TOKYO, Nov 29 — Japan’s space agency was likely penetrated by a cyber attack this year by unknown entities but no sensitive information about rockets or satellites was accessed, officials said Wednesday.
The Japan Aerospace Exploration Agency (JAXA) reported to the government that the “possibility is high that unauthorised access was made” to its central server, government spokesman Hirokazu Matsuno told reporters.
The server controls JAXA’s intranet, but “we have received information that the intranet is not dealing with sensitive information such as the operation of rockets and satellites,” Matsuno said.
A JAXA spokesman told AFP that the agency was investigating the incident in cooperation with police and cybersecurity vendor companies.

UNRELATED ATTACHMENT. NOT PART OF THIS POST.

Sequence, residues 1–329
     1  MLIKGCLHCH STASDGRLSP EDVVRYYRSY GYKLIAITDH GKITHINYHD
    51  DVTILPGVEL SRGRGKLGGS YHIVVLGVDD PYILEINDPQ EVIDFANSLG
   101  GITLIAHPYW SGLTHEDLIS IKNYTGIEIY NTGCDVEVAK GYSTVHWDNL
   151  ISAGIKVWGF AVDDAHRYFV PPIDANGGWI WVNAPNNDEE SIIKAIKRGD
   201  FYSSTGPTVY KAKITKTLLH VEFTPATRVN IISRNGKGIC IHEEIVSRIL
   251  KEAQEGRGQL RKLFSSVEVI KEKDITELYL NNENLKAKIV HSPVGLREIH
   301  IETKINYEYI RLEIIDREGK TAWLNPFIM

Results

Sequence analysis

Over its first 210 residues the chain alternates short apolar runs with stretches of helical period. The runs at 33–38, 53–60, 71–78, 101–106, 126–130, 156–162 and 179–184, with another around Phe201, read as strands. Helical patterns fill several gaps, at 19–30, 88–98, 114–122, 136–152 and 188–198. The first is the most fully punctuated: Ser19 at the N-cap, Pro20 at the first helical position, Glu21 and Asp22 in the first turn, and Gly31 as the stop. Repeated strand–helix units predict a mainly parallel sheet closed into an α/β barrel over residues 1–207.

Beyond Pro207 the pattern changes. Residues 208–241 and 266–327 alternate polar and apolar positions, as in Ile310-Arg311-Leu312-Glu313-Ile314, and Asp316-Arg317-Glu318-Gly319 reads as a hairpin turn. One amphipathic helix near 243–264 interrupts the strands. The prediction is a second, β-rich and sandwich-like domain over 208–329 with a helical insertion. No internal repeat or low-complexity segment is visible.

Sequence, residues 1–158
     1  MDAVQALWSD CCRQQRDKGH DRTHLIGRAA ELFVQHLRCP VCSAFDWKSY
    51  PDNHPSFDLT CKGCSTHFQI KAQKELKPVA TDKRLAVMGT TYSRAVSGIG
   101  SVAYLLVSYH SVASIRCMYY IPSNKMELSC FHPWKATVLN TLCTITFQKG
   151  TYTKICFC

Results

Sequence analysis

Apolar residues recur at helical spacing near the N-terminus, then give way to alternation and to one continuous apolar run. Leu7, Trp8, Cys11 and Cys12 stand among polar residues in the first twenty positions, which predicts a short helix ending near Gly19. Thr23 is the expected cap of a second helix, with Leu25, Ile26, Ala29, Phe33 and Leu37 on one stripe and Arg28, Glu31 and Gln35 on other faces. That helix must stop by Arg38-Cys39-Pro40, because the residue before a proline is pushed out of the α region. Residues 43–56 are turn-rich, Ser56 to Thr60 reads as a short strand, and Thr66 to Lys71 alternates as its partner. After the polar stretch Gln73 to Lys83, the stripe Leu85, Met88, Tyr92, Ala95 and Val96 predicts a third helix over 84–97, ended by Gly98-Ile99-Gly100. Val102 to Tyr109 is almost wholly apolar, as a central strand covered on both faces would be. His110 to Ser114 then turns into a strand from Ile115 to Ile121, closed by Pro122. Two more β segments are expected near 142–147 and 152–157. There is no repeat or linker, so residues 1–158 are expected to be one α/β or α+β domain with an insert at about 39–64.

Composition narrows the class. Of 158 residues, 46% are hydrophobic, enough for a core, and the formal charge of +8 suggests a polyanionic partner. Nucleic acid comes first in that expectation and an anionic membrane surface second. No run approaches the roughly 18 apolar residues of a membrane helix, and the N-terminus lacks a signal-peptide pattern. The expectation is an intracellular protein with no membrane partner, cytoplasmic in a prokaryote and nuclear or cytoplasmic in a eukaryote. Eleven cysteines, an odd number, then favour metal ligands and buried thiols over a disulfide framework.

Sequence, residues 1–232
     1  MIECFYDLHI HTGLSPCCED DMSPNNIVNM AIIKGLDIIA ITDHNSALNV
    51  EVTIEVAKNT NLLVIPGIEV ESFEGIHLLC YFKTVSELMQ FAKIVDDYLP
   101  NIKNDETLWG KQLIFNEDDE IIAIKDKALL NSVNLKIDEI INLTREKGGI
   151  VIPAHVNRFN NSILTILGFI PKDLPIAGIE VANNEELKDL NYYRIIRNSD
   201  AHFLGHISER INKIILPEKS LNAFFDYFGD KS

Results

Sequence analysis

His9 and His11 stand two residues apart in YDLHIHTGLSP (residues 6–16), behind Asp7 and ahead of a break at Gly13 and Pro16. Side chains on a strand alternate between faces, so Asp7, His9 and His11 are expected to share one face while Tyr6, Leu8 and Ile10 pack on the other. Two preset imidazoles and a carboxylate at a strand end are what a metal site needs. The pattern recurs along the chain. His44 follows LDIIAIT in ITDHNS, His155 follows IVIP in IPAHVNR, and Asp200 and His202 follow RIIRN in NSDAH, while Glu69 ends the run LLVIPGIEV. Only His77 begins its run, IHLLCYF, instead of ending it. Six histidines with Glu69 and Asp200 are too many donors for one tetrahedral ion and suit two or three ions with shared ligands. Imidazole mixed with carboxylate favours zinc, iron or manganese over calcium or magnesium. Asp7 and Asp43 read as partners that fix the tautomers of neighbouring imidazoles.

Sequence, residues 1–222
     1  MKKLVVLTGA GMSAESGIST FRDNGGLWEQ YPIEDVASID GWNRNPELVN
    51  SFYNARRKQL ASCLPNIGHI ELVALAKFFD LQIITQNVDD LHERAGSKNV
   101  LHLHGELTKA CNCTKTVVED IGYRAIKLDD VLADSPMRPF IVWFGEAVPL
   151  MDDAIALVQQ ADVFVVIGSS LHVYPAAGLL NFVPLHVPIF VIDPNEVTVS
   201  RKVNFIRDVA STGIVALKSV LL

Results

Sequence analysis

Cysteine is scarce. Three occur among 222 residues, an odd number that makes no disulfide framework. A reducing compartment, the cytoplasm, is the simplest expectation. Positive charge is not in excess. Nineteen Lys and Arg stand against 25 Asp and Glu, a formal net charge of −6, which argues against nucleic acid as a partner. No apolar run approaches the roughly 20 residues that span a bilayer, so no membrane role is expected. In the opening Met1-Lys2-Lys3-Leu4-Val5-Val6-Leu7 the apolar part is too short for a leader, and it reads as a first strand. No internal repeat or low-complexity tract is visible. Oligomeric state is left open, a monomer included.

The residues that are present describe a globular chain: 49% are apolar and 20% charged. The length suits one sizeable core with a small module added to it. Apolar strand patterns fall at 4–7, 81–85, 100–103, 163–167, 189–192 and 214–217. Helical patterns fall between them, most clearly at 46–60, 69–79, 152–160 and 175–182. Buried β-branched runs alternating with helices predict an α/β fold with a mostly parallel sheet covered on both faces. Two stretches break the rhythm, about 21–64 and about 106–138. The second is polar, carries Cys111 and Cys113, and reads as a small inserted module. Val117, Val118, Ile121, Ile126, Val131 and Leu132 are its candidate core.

“We think that the vulnerability of network equipment was targeted,” he said.
Police became aware of the attack earlier this year and notified JAXA, which was not unaware of the cyber attack until contacted by police, the Yomiuri Shimbun daily reported.
JAXA is the hub of Japan’s space industry, working on new rockets and launches of satellites as well as the country’s ongoing “Moon Sniper” mission which blasted off in September.
Nagoya Port, one of Japan’s busiest, was crippled by a ransomware attack in July that was reportedly blamed on Lockbit, a Russia-based cybercrime organisation.
Japan’s National Centre of Incident Readiness and Strategy for Cybersecurity (NISC), the agency responsible for the nation’s defences against cyber attacks, was itself infiltrated by hackers for as long as nine months, the Financial Times reported in August.
The same month the Washington Post cited US officials as saying that Chinese hackers had compromised Japanese classified defence networks in 2020, raising concerns about the cyber defences of one of Washington’s closest allies in Asia.
The Japanese government denied the claims. — AFP